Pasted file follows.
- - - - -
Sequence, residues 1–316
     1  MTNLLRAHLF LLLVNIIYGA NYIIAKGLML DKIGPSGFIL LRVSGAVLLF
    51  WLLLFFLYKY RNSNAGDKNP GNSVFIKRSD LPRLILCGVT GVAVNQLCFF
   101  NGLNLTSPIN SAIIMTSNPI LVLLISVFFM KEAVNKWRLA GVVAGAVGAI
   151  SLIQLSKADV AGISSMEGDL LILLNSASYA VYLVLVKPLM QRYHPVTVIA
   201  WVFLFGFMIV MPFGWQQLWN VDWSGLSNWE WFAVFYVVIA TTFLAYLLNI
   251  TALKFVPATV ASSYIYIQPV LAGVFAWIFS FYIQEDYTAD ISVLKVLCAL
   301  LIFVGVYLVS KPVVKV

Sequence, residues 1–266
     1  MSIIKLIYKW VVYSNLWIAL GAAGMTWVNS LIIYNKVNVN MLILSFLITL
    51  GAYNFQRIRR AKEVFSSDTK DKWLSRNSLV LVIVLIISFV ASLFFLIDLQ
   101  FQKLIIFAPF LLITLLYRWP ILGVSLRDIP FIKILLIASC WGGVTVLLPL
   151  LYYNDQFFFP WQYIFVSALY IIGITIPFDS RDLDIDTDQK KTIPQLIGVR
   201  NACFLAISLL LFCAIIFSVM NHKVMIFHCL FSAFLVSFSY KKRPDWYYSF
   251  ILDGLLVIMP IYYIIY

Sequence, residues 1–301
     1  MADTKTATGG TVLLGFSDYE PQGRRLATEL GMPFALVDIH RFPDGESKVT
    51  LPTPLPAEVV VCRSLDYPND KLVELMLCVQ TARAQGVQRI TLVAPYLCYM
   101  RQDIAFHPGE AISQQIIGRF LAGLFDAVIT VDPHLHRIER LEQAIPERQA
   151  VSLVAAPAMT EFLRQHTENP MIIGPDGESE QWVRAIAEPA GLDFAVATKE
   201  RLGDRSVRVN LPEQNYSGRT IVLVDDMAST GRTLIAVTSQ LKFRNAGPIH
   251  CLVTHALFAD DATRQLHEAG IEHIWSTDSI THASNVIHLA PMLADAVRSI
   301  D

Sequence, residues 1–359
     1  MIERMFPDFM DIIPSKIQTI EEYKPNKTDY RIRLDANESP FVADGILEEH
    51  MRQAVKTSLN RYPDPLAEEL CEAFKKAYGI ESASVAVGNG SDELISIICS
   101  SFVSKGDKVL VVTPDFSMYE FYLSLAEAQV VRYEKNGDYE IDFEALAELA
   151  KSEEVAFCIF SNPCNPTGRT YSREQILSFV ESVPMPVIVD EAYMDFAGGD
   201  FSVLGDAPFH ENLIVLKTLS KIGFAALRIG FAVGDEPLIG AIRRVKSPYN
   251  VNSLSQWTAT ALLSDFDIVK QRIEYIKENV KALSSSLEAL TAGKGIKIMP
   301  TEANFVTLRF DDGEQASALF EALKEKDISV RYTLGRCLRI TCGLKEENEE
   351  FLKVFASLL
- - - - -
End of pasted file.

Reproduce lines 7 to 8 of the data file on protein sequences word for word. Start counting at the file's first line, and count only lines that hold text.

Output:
   251  TALKFVPATV ASSYIYIQPV LAGVFAWIFS FYIQEDYTAD ISVLKVLCAL
   301  LIFVGVYLVS KPVVKV